He did not appeal to her pity; he did not try to tell her what it cost him to refuse. If he could have made her understand that, she might have been turned from her purpose. He realised only the awful weakness and wickedness of his heart. He seemed to see those appetites which, up to a few months before, had possessed him like demons, hovering near him in the air, and he seemed to see God holding them back from him, but only for so long as he resisted this temptation.
To her he said aloud: “I cannot do it, Ann. In God’s strength I cannot and will not do it.”
Within his heart he seemed to be shouting aloud to Heaven: “My God, I will not do it, I will not do it. Oh, my God!” He turned his back upon her and went quickly to the village, only looking to see that at some distance she followed him, trudging humbly as a squaw walks behind her Indian, as far as her own door.
When one drops one’s plummet into life anywhere it falls the whole length of the line we give it. The man who can give his plummet the longest line is he who realises most surely that it has not touched the bottom.
Bart Toyner betook himself to prayer. He had learned from his friend the preacher that when a man is tempted he must pray until he is given the victory, and then, calm and steadfast, go out to face the world again. If Toyner’s had been a smaller soul, the need of his life would have imperatively demanded then that just what he expected to happen to him should happen, and in some mysterious way no doubt it would have happened.
When we quietly observe religious life exactly as it is, without the bias of any theory, there are two constantly recurring facts which, taken together, excite deep astonishment: the fact that small minds easily attain to a certainty of faith to which larger minds attain more slowly and with much greater distress; and also the fact that the happenings of life do actually come in exact accordance to a man’s faith—faith being not the mere expectation that a thing is going to take place, but the inner eye that sees into the heart of things, and knows that its desire must inevitably take place, and why. This sort of faith, be it in a tiny or great nature, comes triumphantly in actual fact to what it predicts; but the little heart comes to it easily and produces trivial prayers, while the big heart, thinking to arrive with the same ease at the same measure of triumph, is beaten back time and time and again.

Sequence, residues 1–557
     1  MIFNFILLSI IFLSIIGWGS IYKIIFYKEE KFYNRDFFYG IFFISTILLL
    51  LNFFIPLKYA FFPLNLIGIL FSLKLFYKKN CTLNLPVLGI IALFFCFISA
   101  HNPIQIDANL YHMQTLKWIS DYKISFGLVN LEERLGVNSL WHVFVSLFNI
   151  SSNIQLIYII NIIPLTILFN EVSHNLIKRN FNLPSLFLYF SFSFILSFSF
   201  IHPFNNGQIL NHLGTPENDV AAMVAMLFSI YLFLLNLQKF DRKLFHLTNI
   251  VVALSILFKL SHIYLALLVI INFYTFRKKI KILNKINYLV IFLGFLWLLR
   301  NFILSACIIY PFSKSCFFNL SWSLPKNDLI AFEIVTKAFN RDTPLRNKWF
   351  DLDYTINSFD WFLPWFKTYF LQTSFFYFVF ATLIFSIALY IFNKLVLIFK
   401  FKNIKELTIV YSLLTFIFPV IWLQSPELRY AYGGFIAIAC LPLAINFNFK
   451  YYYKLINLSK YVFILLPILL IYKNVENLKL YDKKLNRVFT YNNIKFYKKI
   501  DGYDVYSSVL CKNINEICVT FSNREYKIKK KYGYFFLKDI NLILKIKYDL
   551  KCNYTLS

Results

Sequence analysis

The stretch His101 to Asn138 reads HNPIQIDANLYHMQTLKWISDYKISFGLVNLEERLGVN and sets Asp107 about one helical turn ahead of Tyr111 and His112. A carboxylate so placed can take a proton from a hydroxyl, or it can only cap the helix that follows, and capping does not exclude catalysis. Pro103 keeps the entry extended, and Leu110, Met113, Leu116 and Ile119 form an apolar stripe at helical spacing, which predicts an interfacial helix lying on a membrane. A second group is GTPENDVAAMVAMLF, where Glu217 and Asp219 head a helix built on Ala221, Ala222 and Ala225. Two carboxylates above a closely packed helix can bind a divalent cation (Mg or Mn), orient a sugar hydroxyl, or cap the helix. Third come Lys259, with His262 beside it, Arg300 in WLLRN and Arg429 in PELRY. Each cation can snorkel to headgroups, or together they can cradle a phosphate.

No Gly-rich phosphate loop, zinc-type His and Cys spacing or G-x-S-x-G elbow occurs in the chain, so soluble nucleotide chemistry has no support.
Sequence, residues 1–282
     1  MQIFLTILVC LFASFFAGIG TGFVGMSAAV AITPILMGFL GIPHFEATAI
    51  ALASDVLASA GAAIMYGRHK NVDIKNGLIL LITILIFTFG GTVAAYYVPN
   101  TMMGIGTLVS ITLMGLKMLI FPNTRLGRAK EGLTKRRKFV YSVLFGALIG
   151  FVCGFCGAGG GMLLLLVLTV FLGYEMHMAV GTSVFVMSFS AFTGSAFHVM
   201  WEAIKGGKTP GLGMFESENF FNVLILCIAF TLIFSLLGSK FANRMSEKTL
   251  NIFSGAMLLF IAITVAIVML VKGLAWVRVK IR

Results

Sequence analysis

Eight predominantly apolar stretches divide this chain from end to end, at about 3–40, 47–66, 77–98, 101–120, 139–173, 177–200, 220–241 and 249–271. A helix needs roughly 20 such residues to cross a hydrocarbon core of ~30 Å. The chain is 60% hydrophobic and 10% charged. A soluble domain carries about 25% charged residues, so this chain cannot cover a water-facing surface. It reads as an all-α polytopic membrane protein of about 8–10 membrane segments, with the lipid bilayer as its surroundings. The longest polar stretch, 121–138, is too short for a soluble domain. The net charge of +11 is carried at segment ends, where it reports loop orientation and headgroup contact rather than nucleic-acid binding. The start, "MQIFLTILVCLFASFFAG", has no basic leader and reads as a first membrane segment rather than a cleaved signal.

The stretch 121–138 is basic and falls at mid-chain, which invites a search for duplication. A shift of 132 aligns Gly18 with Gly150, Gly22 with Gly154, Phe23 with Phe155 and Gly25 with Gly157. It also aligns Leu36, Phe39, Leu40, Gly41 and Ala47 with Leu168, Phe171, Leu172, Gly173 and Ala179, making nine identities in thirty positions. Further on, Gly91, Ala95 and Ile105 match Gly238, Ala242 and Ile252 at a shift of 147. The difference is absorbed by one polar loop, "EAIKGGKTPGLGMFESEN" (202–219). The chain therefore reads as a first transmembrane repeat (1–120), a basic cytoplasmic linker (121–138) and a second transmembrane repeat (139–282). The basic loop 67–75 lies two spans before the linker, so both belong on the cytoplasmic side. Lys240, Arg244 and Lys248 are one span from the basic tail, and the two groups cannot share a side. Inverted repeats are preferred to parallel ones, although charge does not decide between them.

Probably the explanation is that the smaller mind has not the same germinating power; there is not enough in it to cause the long, slow growth of root and stem, and therefore it soon puts forth its little blossom. These things all happen, of course, according to eternal law of inward development; they are not altered by any force from without, because nothing is without: the sun that makes the daisy to blossom is just that amount of sun that it absorbs into itself, and so with the acorn or the pine-cone. These latter, however, do not produce any bright immediate blossom, though they ultimately change the face of all that spot of earth by the spread of their roots and branches.